County settles other Arpaio lawsuit–mostly

The Department of Justice’s civil rights lawsuit against Sheriff Joe Arpaio, alleging a pattern of behavior including retaliation against the Sheriff’s political enemies, was settled on most counts by Maricopa County this past July 16. A bench trial had been scheduled in United States of America v. Maricopa County of et al (2:2012-cv-00981) to begin in August and to last 15 days. (Joe Arpaio is part of the et al).

Basically, the settlement agreement states that Defendants will put policies and procedures in place so that these abuses won’t happen again and promises to stop doing bad things. Some of the issues had been addressed previously by changes in the Sheriff’s Department, the Melendres lawsuit, and prior lawsuits involving the retaliation issue.

Some have expressed concern over the settlement because it does not bring the retaliation issue to trial. The private lawsuits over this matter were settled and the County paid out millions (about 12 and half); however, there was no admission of guilt and no trier of fact has determined that Sheriff Joe actually used his law enforcement position to retaliate against political opponents.

The original May 2012 complaint contained 6 specific claims for relief:

  1. Defendants’ law enforcement policies and practices violate 42 U.S.C. §14141 and the Fourteenth Amendment
  2. Defendants’ searches, arrests, and detentions violate 42 U.S.C. 14141 and the Fourth Amendment
  3. Defendants’ treatment of Latinos violates Title VI
  4. Defendants’ treatment of Latino LEP (limited English proficient) prisoners violates Title VI
  5. Defendants’ treatment of Latinos violates the Title VI assurances
  6. Defendants’ retaliation against their critics violates 42 U.S.C. § 14141 and the First Amendment

The settlement agreement resolves items 2 and 6, and references a separate agreement on item 4. Judge Silver has ordered parties to provide clarification of the nature of their settlement agreement, whether it is indeed a settlement agreement or a consent decree or consent judgment.

In a subsequent brief (ECF 401), Maricopa County states: “In its Motion for Stay, Plaintiff represents that, if permitted to intervene in the Melendres case, it will pursue no additional remedies in this case.” So there is a motion to stay the proceedings before Judge Silver in the DOJ case until such time as Judge Snow rules on the motion to intervene by the DOJ. Joe Arpaio agrees (ECF 402) to the stay.


The motion to intervene in the Melendres case was granted.

Read more:

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11 Responses to County settles other Arpaio lawsuit–mostly

  1. Sudoku says:

    I would like to see some big, fat admissions from the Sheriff. Not that it would change anything…

  2. Notorial Dissent says:

    What I don’t see, or understand, is how the county is going to comply, since they legally have next to no control of the MCSO, as has been proven time and time again. According to the state constitution, he is pretty much independent of them other than them having to pay his bills and for his screw ups, and they can’t refuse to to do that it would seem either. So how is this going to be enforced, when the MCSO can pretty well do what it pleases??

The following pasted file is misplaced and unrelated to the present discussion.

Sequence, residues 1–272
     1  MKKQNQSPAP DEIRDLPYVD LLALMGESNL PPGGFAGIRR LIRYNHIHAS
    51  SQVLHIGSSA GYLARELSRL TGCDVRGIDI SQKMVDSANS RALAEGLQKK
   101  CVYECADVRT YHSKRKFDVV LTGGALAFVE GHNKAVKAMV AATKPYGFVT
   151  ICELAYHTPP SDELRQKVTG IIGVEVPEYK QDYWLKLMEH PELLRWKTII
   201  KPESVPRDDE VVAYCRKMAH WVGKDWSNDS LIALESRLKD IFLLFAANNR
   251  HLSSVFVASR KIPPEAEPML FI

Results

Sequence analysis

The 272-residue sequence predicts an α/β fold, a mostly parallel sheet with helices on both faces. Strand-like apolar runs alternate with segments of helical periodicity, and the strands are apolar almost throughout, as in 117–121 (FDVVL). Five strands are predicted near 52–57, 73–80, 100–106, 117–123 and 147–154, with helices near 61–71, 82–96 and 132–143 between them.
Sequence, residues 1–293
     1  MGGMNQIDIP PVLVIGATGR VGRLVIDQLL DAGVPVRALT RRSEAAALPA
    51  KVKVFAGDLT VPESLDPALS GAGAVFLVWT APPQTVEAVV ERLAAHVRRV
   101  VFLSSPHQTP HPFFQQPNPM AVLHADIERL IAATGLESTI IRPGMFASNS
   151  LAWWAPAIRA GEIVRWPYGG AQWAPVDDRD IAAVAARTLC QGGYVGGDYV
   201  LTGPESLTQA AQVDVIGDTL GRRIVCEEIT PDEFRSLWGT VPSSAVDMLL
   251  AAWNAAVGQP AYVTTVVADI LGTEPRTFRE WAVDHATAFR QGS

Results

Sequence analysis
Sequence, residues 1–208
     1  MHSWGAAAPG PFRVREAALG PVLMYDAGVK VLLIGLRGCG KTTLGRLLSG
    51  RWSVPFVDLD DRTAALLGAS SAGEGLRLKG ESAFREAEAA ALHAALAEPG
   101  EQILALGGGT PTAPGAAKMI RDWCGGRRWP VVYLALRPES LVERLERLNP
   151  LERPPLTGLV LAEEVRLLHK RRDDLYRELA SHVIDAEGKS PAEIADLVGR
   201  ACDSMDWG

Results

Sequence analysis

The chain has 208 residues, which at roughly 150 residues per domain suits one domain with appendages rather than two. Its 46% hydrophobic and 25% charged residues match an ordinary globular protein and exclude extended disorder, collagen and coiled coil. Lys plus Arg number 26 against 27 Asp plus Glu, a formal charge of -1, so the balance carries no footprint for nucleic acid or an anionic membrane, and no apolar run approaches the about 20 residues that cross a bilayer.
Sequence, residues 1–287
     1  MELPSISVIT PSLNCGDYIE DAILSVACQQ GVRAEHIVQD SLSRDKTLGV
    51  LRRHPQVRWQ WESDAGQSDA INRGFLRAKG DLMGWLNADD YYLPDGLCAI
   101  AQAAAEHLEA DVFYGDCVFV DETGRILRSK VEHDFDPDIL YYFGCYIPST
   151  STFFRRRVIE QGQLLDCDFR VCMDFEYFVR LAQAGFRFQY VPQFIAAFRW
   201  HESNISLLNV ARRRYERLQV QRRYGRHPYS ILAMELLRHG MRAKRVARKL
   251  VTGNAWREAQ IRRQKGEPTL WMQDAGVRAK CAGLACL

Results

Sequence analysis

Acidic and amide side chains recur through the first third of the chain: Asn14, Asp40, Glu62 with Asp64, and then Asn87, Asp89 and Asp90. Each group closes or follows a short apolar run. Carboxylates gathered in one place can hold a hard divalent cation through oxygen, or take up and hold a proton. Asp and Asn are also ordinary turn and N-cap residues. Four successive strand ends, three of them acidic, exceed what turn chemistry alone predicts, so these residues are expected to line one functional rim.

3. bgansel9 says:

    Our County Board of Supervisors seems to give Joe a pass at every turn.

  4. Sheriff Arpaio is also a party to the lawsuit and the settlement.

    Notorial Dissent:
    What I don’t see, or understand, is how the county is going to comply, since they legally have next to no control of the MCSO,

  5. Notorial Dissent says:

    And he’s done such a good and thorough job of complying with all of them before?????

    Dr. Conspiracy:
    Sheriff Arpaio is also a party to the lawsuit and the settlement.

  6. Jim says:

    We’ll see how it goes at Friday’s status update…my guess
    1) DOJ allowed to intervene
    2) More bad news from the monitor
    3) Judge Snow tries to find out who was in the meeting about not turning over the evidence and which attorney advised it
    4) Sheridan should get at least a day in jail, after the nonsense about not following the judge’s orders (which was brought up in earlier hearings) and now this. It’s time for the judge to start making it hurt when these folks disobey court orders.

  7. The important distinction between a settlement agreement and a consent decree is that the Court has to sign off on the latter.

  8. The links to the settlement agreements in the article have been updated to the PDF versions on the County web site. They were password-protected yesterday, but not today.

  9. One of the most disappointing terms in this settlement is that for harassing and arresting his enemies Arpaio got off with a promise not to do it again. WTF is our Justice Department smoking?

  10. RanTalbott says:

    Reality Check: WTF is our Justice Department smoking?

    Pretty much the same stuff they’ve been smoking for decades. It’s routine in civil actions. Which are often chosen over criminal ones because of their lower standard of proof. If they’d tried to prosecute, they’d have to prove intent beyond a reasonable doubt, giving Arpaio the possibility of claiming “My people told me there was a real case there, and I believed them” (Sound familiar?) and being found “not guilty”.

    I believe I’ve seen it explicitly said that the feds decided the private civil suits had already taken care of the “penalty”, so they weren’t imposing a fine. While I don’t like that, the lawyers may know that there was some legal or tactical reason for it (e.g., maybe it would be imposed on the taxpayers, instead of Arpaio, personally, so it wouldn’t do much good).

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